please respond to each discussion post very detailed and organized with apa references Thank you!
Adult learning theory is the notion that adults learn differently than children/adolescents (Keating, 2014). Adults are more capable to self-direction and goal oriented, so they are more likely to learn if the material is relevant to them. The West Coast University Mission states “At WCU, we combine student-centric learning with leading-edge training opportunities to transform healthcare education”. Since WCU is a school aimed at adults who chose a specific profession, I feel that adult learning theory fits in well with WCU. What is effective with adult learning theory is that it works well with other theories such as cognitivism, leaving instructors with flexibility to utilize many different teaching methods (Keating, 2014).
Another learning theory is Transformative learning that states that education is achieved as a result of transforming one’s own perspective (Keating, 2014). Here, students “make their own interpretations rather than act on the on the judgments and beliefs of others”. I chose this one because a local Nursing school has a mission statement that states “We educate and transform nurses to practice in dynamic healthcare environments with diverse populations”. Transformative learning is appropriate here because the schools mission talks about diversity in patient population and the theory forces learners to make their own decisions based on their own experiences and not from others, ensuring the health care worker is able to treat each patient as their own individual entity.
Keating, S. (2014). Curriculum development and evaluation in nursing (3rd ed.). Springer Publishing LLC. https://online.vitalsource.com/books/9780826130280
The two learning theories I analyzed are metacognition and social cognitive learning.
I chose the learning theory of social cognitive learning due to the fact of it’s “emphasis of observing then modeling behaviors, attitudes, and emotional responses of others” (Keating, 2015). Bandura described that people are not driven by inner forces or controlled by outside stimuli, but instead function from interactions from cognitive, behavioral and environmental influences. Bandura also stated that most learning comes from one’s social environment. This very much applies to nursing, as a lot of the learning that student nurses do are from hands-on experiences. It comes from clinicals, simulation labs, and on the job. I strongly believe this is where simulation labs and clinical experiences are tied in the best to this theory.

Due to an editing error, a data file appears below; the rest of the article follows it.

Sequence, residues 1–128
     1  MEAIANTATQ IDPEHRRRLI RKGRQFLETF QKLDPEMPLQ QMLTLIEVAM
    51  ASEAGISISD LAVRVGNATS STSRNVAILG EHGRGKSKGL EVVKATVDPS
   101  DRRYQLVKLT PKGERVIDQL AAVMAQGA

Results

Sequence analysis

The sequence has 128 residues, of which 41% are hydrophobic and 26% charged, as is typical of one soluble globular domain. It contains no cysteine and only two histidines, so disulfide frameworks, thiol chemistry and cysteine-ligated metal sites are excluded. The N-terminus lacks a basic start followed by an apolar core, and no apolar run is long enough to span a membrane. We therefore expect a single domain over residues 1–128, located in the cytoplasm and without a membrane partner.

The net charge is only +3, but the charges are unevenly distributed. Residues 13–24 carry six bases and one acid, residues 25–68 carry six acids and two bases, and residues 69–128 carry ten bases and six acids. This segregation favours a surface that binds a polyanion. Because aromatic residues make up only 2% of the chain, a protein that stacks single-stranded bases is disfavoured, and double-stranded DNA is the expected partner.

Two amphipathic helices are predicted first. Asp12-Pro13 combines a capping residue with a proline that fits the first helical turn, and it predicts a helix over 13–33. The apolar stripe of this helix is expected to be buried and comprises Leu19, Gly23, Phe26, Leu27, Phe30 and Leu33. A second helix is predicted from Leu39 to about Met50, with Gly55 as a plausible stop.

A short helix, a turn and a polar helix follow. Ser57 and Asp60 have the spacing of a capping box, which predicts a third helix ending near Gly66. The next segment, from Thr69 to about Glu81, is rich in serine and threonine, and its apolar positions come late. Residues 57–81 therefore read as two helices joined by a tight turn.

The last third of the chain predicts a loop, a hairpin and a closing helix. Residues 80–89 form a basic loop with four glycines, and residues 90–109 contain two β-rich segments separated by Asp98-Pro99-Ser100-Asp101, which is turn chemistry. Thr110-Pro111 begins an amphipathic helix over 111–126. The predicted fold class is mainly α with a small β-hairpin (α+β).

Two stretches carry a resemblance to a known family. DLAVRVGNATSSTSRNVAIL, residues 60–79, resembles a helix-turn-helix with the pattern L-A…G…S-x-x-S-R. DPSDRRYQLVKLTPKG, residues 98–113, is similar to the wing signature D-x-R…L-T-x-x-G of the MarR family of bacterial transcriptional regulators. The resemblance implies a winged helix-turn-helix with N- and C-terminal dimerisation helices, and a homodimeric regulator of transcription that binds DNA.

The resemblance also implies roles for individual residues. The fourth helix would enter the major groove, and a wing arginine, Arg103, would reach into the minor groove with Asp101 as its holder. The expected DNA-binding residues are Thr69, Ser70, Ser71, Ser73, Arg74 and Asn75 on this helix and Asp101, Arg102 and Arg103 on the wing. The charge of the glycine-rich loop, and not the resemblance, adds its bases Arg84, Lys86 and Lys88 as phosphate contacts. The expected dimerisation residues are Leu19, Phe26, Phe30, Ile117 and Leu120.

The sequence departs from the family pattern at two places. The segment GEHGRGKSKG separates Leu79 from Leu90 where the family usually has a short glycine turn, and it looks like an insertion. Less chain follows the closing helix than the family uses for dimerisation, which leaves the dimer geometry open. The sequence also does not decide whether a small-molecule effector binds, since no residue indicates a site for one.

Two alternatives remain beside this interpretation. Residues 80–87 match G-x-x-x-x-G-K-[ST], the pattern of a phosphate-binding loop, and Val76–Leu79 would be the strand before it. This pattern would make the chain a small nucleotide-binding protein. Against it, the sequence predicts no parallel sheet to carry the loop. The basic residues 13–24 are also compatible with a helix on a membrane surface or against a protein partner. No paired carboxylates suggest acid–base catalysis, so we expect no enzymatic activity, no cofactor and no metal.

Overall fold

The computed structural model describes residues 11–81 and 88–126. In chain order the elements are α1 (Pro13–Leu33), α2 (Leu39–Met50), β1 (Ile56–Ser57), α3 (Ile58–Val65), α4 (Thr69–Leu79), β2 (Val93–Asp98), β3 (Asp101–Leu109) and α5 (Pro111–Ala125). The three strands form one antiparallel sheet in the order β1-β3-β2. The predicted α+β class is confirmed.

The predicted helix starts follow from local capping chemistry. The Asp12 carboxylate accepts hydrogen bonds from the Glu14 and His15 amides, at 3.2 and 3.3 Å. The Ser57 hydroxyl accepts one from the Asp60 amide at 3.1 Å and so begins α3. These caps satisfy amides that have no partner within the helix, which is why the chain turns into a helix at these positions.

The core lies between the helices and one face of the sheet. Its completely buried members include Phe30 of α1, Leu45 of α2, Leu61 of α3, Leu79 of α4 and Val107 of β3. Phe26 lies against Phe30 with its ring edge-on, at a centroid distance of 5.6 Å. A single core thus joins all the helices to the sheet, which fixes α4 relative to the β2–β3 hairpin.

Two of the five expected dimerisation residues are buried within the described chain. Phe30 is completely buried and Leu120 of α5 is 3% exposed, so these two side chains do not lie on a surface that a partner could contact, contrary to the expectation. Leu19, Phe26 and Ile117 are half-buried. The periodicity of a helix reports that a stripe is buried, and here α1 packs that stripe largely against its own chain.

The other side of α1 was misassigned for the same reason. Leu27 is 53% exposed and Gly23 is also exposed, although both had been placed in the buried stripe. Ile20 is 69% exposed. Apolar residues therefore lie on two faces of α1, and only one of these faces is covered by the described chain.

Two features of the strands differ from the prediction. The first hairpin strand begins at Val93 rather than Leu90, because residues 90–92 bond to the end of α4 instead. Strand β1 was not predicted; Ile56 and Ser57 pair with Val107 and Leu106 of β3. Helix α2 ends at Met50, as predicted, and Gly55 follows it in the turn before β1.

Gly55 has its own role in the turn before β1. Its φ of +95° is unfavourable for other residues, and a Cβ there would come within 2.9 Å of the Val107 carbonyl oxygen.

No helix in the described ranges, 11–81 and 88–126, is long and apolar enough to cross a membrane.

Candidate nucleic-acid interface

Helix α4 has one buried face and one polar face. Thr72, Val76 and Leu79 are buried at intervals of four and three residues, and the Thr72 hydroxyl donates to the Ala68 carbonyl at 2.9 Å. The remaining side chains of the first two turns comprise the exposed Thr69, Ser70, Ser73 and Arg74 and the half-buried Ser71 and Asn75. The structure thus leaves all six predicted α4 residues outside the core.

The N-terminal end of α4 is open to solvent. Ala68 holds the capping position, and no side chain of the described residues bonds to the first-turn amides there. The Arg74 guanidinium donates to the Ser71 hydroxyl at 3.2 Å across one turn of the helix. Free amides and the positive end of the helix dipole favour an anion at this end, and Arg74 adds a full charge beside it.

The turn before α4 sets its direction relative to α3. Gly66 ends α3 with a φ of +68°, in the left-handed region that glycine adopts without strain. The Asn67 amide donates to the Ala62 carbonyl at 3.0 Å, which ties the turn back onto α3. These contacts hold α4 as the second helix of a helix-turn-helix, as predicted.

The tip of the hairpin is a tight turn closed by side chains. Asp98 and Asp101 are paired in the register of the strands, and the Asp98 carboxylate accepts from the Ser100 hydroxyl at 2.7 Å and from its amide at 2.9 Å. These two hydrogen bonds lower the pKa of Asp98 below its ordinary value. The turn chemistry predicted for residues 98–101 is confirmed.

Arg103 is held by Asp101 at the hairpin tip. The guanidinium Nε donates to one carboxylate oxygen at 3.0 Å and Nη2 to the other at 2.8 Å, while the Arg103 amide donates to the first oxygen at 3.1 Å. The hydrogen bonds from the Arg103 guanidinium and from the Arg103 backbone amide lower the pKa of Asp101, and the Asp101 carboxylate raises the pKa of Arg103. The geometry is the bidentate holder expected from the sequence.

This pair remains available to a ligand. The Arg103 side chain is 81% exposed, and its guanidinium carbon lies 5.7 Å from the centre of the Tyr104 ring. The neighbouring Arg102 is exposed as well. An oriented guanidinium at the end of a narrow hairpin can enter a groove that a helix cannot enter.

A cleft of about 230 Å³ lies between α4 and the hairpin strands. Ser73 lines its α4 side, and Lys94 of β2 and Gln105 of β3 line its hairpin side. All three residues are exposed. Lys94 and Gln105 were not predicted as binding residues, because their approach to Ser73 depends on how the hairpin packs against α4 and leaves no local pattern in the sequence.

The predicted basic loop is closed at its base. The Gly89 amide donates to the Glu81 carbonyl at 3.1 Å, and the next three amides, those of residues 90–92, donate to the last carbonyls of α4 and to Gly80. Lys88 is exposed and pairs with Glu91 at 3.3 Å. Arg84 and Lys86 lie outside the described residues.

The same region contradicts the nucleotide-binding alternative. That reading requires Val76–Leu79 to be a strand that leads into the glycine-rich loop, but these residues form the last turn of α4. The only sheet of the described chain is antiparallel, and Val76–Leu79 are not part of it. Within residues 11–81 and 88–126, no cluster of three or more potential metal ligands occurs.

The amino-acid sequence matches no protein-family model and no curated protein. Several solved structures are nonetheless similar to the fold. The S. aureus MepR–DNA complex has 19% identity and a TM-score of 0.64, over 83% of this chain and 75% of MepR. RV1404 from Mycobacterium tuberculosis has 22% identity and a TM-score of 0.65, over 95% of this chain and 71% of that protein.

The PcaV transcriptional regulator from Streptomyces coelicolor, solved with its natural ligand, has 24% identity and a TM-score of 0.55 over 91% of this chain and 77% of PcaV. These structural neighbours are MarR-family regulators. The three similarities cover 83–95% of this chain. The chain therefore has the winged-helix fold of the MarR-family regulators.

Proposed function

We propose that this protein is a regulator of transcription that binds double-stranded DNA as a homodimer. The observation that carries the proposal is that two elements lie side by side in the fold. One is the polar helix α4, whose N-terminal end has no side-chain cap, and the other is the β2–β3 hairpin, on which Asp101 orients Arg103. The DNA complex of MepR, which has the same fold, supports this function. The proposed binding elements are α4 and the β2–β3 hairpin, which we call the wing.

I also chose the theory of metacognition due to its tie to the cognitive learning theory. Keating (2015) stated that it consists of one’s ability to assess their own skills, knowledge and learning. This allows for the the learning process to be monitored by assessing one’s level of understanding, along with evaluating its effectiveness and revising the teaching plan if necessary. This applies to the nursing curriculum as it allows for instructors/professors to assess learning along the way, instead of just teaching content and expecting students to understand it. It also allows for students to be involved in their own learning and truly understanding the material.
Keating, S. B. (2015). Curriculum development and evaluation in nursing (3rd ed.). Springer Publishing Company.
Critical thinking is something that we as seasoned nurses often do automatically without even thinking about it. It’s a way of processing “if-then” scenarios utilizing our previous knowledge and experiences (Ghazivakili et al, 2014). I feel many of us would just call it “common sense”. As such, I feel it is difficult for some educators to teach “common sense”. I currently teach clinicals at a local nursing school and critical thinking is inherently part of the job. When I was in nursing school myself, I swore off the term and loathed it with a passion as I would always hear about it. Now that my role has transitioned to the other side of the podium, I now entirely understand why my previous instructors repeated it so much!